Rally gi­ants go fam­ily-friendly with new es­tate

Macclesfield Express - - SEARCH -

EV­ERY­ONE knows Subaru makes fast cars – three world rally ti­tles for its driv­ers and one man­u­fac­tur­ers’ ti­tle tells you that.

It’s been al­most eight years since the com­pany quit the World Rally Cham­pi­onships, but the mem­ory of the late and much lamented Colin McRae and Richard Burns throw­ing that strik­ing blue Im­preza around cour­ses all over the world burns long in the mem­ory.

This week’s test car – the Levorg – shares a plat­form with that best known Subaru model, but ap­pears, on the sur­face at least, to be a much more sen­si­ble choice for the fam­ily.

It’s es­sen­tially a tour­ing es­tate with plenty of room in the back and plenty of punch up front. Com­bine that with Subaru’s stan­dard all-wheel drive, and you have a very ca­pa­ble fam­ily car in­deed.

It has some­thing Subaru’s have per­haps not been noted for in the past, though. Sub­tlety.

The first few times I pulled away from traf­fic lights as they turned green, I glanced in the rear-view mir­ror to see all the other cars that had been stopped with me still a hun­dred or so yards be­hind.

“Why are they not mov­ing?” I thought. Even­tu­ally, I re­alised they were mov­ing. Just not as rapidly as I was.

That ef­fort­less ac­cel­er­a­tion was a fea­ture of the car I en­joyed for the rest of the week – the com­bi­na­tion of power and the smooth auto gear­box meant in­stant re­sponse from the car when I needed it.

From the out­side the car is low-slung and sleek – per­haps only the ag­gres­sive air in­take ris­ing from the bon­net gives any real in­di­ca­tion of what lies within. Un­der that bon­net is a 1.6-litre petrol boxer en­gine – with the four cylin­ders laid flat in pairs op­po­site other.

That en­gine of­fers good per­for­mance, as I say, but at a slight cost econ­o­my­wise – the 39mpg com­bined Subaru claim seemed about right dur­ing the week I had the car.

There are, ob­vi­ously, en­gines that do much bet­ter than that – but it’s easy to for­get, look­ing at the Levorg, that you’re get­ting the four-wheel drive, too. We shouldn’t un­der­es­ti­mate how use­ful that might be as the weather gets colder...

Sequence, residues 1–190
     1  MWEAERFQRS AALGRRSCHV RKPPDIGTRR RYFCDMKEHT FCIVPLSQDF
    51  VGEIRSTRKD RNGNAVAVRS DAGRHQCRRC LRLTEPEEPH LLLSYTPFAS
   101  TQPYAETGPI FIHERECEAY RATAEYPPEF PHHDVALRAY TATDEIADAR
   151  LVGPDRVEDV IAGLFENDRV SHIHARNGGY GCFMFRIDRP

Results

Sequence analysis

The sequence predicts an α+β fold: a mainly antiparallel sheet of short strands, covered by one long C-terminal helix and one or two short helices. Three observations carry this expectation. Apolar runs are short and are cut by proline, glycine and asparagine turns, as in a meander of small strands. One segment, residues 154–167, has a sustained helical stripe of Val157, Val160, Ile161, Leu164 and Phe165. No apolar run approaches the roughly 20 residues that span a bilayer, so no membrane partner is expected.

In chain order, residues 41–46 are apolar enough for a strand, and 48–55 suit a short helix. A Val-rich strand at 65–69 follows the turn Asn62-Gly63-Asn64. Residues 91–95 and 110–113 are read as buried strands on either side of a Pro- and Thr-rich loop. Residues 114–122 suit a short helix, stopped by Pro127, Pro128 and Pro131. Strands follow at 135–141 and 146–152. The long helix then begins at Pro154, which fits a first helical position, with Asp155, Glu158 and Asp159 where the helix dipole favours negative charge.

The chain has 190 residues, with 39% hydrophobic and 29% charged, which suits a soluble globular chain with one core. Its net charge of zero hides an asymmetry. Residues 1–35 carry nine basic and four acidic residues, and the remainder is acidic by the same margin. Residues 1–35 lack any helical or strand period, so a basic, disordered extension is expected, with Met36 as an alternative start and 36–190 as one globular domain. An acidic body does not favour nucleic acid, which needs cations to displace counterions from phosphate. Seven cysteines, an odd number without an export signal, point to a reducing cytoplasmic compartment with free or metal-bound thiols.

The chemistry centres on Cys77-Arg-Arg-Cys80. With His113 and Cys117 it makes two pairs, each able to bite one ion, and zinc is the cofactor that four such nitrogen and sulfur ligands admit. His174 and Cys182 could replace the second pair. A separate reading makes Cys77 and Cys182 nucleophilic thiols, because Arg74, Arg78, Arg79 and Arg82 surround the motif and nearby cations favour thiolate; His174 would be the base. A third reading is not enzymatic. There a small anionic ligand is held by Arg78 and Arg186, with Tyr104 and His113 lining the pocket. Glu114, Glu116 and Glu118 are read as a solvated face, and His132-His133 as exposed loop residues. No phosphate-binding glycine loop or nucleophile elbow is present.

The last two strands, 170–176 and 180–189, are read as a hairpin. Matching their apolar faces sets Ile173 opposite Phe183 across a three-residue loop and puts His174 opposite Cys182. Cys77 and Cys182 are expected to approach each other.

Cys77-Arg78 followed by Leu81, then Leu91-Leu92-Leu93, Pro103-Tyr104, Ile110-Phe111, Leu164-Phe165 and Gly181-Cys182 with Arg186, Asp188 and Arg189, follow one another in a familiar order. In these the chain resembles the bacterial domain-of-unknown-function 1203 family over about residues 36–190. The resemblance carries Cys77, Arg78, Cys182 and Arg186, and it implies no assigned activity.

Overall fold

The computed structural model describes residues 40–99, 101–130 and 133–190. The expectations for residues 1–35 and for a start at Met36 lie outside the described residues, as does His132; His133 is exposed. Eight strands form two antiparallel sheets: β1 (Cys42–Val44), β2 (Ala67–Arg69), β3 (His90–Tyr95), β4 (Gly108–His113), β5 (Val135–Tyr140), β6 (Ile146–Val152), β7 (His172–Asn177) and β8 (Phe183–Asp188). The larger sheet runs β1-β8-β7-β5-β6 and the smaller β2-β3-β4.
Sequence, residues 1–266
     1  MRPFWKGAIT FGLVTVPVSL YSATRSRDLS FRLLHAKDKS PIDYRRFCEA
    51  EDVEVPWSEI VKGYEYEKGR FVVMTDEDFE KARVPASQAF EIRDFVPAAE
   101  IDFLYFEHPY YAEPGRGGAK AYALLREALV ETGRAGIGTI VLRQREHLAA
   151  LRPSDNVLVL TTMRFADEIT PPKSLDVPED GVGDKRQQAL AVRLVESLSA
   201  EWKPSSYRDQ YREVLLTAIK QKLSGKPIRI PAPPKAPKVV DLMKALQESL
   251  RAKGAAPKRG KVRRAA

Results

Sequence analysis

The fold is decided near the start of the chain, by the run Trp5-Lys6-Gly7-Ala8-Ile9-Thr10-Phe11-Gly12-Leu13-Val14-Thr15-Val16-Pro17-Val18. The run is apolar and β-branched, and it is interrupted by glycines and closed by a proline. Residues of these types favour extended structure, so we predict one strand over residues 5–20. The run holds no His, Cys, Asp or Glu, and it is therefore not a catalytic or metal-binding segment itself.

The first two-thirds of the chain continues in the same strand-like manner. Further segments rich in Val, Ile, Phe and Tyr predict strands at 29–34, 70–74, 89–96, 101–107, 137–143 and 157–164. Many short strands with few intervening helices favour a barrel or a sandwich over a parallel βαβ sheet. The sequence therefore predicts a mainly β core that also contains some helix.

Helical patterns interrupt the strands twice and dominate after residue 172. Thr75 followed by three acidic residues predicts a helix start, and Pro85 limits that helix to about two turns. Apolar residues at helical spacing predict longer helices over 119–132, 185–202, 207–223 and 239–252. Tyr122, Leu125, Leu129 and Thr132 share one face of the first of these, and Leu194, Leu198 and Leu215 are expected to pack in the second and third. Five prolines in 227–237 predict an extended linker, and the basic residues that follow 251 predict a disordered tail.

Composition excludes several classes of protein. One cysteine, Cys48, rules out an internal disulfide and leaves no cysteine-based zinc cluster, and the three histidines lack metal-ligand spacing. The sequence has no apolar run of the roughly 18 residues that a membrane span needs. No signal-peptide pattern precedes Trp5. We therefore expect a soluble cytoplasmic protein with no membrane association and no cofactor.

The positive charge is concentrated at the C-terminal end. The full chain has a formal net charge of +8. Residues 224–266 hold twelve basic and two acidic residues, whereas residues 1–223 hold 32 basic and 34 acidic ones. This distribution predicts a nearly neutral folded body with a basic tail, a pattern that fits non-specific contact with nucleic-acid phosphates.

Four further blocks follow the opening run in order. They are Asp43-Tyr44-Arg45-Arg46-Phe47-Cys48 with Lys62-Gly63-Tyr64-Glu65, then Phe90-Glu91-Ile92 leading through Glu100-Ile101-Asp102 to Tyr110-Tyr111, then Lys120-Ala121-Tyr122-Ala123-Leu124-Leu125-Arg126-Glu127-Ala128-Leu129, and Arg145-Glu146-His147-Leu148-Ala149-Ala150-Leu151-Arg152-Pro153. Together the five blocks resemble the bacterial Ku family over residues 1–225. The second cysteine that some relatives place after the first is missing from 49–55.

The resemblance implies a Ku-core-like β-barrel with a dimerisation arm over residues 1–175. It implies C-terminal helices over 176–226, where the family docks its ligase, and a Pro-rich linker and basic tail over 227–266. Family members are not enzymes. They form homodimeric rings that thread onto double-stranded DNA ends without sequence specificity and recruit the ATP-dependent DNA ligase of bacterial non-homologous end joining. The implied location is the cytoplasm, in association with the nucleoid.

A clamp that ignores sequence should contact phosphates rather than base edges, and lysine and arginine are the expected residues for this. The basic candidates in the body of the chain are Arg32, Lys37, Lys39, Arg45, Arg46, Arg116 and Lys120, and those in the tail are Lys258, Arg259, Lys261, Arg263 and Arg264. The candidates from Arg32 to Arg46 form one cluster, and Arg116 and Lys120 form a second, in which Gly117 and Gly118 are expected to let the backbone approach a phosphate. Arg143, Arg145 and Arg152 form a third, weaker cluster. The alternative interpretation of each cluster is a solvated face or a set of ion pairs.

In­side the Levorg of­fers plenty of re­fine­ment and lots of lux­ury touches. Our test car – the GT 1.6i DIT Lineatronic, the only Levorg in the Subaru range – of­fered key­less ac­cess, leather-cov­ered steer­ing wheel, heated seats, dual-zone air-con, and a fab­u­lous six-speaker stereo sys­tem with Blue­tooth con­nec­tiv­ity and a touch-screen con­trol sys­tem.

Safety-wise there are airbags aplenty, brake over­ride (which fo­cuses on break­ing if you ac­ci­den­tally, per­haps in panic, hit both the brake and ac­cel­er­a­tor at the same time), and Subaru’s rear ve­hi­cle de­tec­tion sys­tem (an ad­vanced warn­ing sys­tem which tells you when some­thing’s in your blind-spot).

Then there’s the price, of course. I like sim­plic­ity, and the pric­ing struc­ture in the Levorg range is cer­tainly sim­ple. One model, one price – £27,495 on the road. Rea­son­able, I think, for a car of this qual­ity (and again, don’t for­get its all-wheel drive). But all this, of course, is noth­ing with­out the driv­ing.

And it’s an ab­so­lute plea­sure in that depart­ment – of course it’s fast, and low. But it also feels ab­so­lutely rock solid.

The all-wheel drive doesn’t just bring ben­e­fits in bad weather (al­though it un­doubt­edly does). It al­lows Subaru’s ve­hi­cle dy­nam­ics con­trol sys­tem, which mon­i­tors the driver’s in­tended path and the ac­tual path the car is tak­ing, and man­ages power and break­ing to all four wheels.

This means that in re­spect of the Levorg,

●● The Levorg - un­der­stated, but pack­ing a punch

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